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Guide on Best Environmental Practices for the Mining Industry
09 February 2012
Finnish Environment Institute (SYKE)
Information provided by the Kainuu Centre for Economic Development, Transport and the Environment; the Geological Survey of Finland; and the Finnish Environment Institute (SYKE)
The best environmental practices of the metal-ore mining industry have been compiled in a comprehensive guide for all actors in the sector. The guide covers the entire lifecycle of mining operations, from ore prospecting and mine planning, through production, all the way to mine closure and restoration.
This guide is the first of its kind in Europe. The publication is the fruit of a joint financing project of the Geological Survey of Finland (GTK); the Kainuu and Lapland Centres for Economic Development, Transport and the Environment; the Regional State Administrative Agency for Northern Finland; the Finnish Association of Extractive Resources Industry; and the Finnish Environment Institute (SYKE). The K.H. Renlund Foundation and the Ministry of Employment and the Economy also contributed to the project’s financing.
Mines differ in their emissions and environmental impact, which depend on a variety of factors, such as the properties of the ore extracted. The most significant causes of environmental burden are extractive waste and waste waters. In addition to emissions, the fact that mining operations require vast expanses of land results in major changes in the environment.
Even when the best available environmental management techniques are in use, the operations always influence the environment. Therefore, the planning must opt for methods that reduce emissions, have manageable environmental effects, and take nature related values into consideration.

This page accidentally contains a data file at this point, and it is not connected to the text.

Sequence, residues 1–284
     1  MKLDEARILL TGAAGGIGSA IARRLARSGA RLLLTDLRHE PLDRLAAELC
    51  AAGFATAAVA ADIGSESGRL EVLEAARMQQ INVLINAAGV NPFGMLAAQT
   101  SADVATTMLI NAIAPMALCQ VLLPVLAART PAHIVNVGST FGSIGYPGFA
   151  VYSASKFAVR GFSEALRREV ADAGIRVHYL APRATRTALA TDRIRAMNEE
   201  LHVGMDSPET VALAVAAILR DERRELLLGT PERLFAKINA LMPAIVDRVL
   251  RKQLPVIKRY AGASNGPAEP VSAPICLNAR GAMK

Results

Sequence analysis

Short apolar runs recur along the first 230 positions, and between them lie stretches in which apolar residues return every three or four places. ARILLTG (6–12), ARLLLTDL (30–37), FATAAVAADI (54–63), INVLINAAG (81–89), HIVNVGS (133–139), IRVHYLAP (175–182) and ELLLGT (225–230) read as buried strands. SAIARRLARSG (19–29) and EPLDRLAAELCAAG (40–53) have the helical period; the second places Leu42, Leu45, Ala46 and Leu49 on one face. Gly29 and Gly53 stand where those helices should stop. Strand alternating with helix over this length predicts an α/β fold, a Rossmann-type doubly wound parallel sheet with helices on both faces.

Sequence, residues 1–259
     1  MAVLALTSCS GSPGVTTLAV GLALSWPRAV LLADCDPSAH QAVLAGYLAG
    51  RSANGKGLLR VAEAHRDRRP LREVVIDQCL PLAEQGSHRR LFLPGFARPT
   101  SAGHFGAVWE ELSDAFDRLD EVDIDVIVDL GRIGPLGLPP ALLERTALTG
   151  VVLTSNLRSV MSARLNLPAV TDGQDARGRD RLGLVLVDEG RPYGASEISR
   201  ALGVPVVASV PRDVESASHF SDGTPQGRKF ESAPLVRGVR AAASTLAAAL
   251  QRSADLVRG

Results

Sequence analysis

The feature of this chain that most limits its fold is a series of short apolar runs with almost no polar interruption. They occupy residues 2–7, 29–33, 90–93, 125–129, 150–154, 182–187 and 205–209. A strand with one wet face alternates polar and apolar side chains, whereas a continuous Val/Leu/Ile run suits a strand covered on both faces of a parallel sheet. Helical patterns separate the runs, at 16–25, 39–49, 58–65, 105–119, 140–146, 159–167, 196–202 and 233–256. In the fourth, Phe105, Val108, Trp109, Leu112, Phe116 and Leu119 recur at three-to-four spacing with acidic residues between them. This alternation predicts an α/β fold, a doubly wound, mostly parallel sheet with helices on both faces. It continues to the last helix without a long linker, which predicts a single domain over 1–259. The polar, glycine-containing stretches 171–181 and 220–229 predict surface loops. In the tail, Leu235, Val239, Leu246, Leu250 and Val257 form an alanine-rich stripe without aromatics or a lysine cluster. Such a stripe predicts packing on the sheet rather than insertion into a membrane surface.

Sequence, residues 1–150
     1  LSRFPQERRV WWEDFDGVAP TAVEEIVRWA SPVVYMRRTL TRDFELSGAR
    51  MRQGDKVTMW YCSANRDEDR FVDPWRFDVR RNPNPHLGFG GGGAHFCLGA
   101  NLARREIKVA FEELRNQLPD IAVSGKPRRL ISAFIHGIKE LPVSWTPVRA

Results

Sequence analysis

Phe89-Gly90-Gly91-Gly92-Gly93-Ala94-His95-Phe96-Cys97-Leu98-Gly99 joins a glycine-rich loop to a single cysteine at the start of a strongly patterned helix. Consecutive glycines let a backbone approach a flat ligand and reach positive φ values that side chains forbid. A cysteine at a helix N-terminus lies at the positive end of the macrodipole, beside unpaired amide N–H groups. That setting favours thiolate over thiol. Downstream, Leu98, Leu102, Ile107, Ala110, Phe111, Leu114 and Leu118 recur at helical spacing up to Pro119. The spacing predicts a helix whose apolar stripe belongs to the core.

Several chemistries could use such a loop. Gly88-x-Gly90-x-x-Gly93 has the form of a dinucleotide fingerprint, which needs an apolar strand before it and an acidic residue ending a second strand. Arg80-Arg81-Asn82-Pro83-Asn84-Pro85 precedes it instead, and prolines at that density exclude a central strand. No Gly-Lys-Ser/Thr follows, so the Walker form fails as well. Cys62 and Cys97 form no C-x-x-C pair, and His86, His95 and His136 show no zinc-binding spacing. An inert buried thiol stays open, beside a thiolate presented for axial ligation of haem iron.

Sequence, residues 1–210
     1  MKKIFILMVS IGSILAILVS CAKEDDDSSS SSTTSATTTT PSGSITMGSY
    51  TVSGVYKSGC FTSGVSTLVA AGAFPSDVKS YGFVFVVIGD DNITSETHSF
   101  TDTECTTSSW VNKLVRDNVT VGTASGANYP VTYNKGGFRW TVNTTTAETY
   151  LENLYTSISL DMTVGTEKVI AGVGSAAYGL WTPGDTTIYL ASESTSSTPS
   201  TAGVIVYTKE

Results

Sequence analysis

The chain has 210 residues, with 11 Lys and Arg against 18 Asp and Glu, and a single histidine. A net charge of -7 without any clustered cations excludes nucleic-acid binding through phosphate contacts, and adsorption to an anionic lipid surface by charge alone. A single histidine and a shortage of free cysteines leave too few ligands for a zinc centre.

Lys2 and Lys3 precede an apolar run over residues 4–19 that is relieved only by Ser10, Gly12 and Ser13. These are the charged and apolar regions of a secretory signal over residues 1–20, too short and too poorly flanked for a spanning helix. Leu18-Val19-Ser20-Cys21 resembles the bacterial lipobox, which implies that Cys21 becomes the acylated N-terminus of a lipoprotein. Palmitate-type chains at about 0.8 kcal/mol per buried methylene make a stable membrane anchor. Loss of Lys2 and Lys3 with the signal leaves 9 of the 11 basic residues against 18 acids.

The quantity of extractive waste can be reduced through enhanced material-efficiency and more efficient utilisation of by-products. This also influences the need for land use for waste areas and treatment of waters. A more general way to enhance environmental safety markedly is to improve waste water management and treatment.
Land use must reconcile many interests and maintain open discussion with residents, tourism, forestry and fishery businesses, environmental protection authorities, and nature conservation organizations. The key is to find a combination of forms and methods of operation that appropriately and cost-efficiently prevent contamination of the environment.
The guide contains descriptions of metal-ore mining operations and the processing of rock containing ore, as well as the emissions from processing. It also provides instructions on such matters as reports to be attached to the environmental permit applications required for assessments under the Natura programme, environmental impact assessment and current status reports, and waste management plans. The guide describes how to select and apply best environmental practice throughout mining operations, from planning to production and closure.
Metal mining operations’ intense growth
After long-term recession in the industry, production has been growing intensely in Finland’s metal mining sector since 2007. Extraction of exploitable rock from metal mines is predicted to increase clearly over previous levels: mines are expected to produce up to 70 million tonnes of exploitable rock this decade, while the amount of exploitable rock produced by mines in the latter half of the previous decade came to only four million tonnes. The globally rising market for mineral and metal raw materials is connected to the material increase in standards of living in Asia, with constantly growing demand for home appliances, entertainment-related electronics, vehicles, and other consumer products.
Rapid and intense growth of the mining industry has proved challenging in terms of the development of new environmental technologies and the environmental safety of mining operations. The Guide on Best Environmental Practices for the Mining Industry is necessary also because of defects in attempts to determine and choose best practices and in instructions for preparation of environmental impact assessment reports and environmental permit applications. Moreover, educational material has been scarce.
The new guide is intended as a source of information for operators, permit and supervisory authorities, and consultants in the industry, as well as for everyone interested in the field.